According to journalist and author Max Blumenthal, Bolton is not your typical neoconservative.
"He really embraces something that's beyond neo-conservatism. He's a hardline nationalist. He really reflects the dominance of the right-wing, Likudnik, pro-Israel element and the Saudi-UAE axis in this administration," Blumenthal said Friday on Sputnik Radio's Loud & Clear.
"He's been close to the Israelis for years, very close — so close that when he was first nominated for UN ambassador, he faced some pretty strong questions during his [confirmation] hearing about his meetings with the Mossad, which he didn't notify the State Department about. He was going outside of diplomatic protocol," Blumenthal, author of "The 51-Day War: Ruin and Resistance in Gaza," told show hosts Brian Becker and John Kiriakou.
"It's an extremely dangerous selection, especially if Mike Pompeo gets confirmed" as the new secretary of state, Blumenthal asserted.
"People, let this be very clear: The appointment of Bolton is essentially a declaration of war with Iran. With Pompeo and Bolton, Trump is assembling a WAR CABINET. If we want peace, Pompeo MUST be blocked in the Senate. A vote for him is a vote for war," Trita Parsi, the head of the National Iranian American Council, wrote in a tweet Thursday.
Even conservative commentator Ann Coulter raked Trump over the coals for nominating Bolton as the next national security adviser. "Trump when he was winning: ‘Obviously the war in Iraq was a big, fat mistake…" Coulter tweeted Thursday. She linked to an article in Reason that pointed out how Bolton was a cheerleader of the US war in Iraq and lied in 2002 when he said "we are confident that Saddam Hussein has hidden weapons of mass destruction and production facilities in Iraq."
Bolton has openly called for wars against North Korea and Iran. Last month, Bolton outlined "the legal case for striking North Korea first" in an editorial for the Wall Street Journal. In 2015, Bolton published a piece for the New York Times titled, "To Stop Iran's Bomb, Bomb Iran."
"The inconvenient truth is that only military action like Israel's 1981 attack on Saddam Hussein's Osirak reactor in Iraq or its 2007 destruction of a Syrian reactor, designed and built by North Korea, can accomplish what is required. Time is terribly short, but a strike can still succeed," Bolton argued in the NYT article.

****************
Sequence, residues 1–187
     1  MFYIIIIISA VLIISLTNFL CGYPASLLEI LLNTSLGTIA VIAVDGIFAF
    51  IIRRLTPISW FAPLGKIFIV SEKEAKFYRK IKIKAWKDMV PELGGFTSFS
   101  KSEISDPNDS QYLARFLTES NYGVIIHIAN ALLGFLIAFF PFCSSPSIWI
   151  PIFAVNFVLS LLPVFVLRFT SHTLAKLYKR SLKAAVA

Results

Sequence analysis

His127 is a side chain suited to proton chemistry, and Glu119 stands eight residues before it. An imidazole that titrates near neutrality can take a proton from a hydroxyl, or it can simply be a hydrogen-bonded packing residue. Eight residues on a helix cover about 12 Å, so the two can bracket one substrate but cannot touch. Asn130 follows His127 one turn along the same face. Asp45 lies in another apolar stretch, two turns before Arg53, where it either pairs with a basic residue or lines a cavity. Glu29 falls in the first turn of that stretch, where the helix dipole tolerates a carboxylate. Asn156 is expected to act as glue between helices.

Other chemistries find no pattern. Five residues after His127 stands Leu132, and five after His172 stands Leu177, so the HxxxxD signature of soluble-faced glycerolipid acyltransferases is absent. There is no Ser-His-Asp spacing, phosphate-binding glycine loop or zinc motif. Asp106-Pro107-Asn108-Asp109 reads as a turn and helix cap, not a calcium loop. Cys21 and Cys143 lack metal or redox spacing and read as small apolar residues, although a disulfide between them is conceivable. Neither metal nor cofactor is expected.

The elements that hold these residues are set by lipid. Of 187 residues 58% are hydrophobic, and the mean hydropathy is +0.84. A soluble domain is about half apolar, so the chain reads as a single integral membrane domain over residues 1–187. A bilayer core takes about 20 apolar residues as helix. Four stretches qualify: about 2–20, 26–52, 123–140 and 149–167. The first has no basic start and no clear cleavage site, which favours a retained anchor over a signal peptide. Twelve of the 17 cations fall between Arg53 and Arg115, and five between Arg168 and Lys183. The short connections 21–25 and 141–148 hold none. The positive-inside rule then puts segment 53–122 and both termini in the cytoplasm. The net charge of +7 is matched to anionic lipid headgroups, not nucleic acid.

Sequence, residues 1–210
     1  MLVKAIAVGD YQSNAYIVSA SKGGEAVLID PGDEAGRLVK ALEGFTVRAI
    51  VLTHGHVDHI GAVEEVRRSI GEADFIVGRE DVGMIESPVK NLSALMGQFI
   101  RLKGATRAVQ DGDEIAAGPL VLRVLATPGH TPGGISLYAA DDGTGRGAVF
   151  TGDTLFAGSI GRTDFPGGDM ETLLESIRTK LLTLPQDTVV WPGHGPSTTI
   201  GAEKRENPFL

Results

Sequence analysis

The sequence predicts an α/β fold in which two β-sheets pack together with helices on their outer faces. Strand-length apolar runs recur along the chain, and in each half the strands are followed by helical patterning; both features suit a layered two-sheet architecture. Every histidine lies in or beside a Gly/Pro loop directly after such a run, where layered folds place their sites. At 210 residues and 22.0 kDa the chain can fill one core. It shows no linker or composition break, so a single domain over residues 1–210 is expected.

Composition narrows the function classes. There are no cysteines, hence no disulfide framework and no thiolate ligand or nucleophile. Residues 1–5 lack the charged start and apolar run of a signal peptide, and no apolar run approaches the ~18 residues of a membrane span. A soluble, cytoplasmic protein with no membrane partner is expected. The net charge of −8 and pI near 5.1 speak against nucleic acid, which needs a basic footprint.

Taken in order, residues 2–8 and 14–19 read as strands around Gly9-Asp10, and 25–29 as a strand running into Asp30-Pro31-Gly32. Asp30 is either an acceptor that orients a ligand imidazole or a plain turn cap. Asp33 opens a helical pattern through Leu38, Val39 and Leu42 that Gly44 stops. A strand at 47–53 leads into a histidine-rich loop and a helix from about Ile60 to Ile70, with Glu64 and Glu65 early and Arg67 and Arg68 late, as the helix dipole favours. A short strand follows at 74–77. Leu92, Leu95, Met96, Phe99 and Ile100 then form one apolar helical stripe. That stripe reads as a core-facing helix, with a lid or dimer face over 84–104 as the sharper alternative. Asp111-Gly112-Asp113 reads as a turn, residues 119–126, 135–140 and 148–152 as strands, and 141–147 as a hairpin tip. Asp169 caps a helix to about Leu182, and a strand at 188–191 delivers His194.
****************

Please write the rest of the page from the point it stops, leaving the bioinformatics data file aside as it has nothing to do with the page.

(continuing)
George W Bush's "axis of evil" included Iraq, Iran and North Korea. So far, the US has only initiated a war in Iraq — a decision Bolton still supports, Politico reported March 22.
After Bush speechwriter David Frum coined the phrase "axis of evil" and Bush mentioned it in his January 2002 State of the Union Address, a flicker of US-Iran cooperation in capturing al-Qaeda and Taliban operatives was snuffed out. US State Department official Ryan Crocker had been meeting with officials representing the Iranian government in Geneva, and the Iranian government was helping the US during the initial stages of fighting the Taliban in the early days of the war, as the New Yorker reported.
"The Axis of Evil speech brought the meetings to an end," the 2013 New Yorker report states. "Recalling that time, Crocker shook his head. ‘We we're just that close,' he said. ‘One word in one speech changed history.'"
In a 2002 speech at the Heritage Foundation, Bolton outlined three additional countries "Beyond the Axis of Evil." The US has bombed or illegally sent troops into two of them: Libya and Syria. The third country he mentioned was Cuba.
In a moment of bitter levity, Northeastern University's Max Abrahms tweeted Friday: "Not sure why everyone says Bolton is some kind of hawk. There was a flap between several Tahitian communes in the late 1980s where Bolton didn't advocate regime or pull out the nuclear card."
— Max Abrahms (@MaxAbrahms) March 23, 2018
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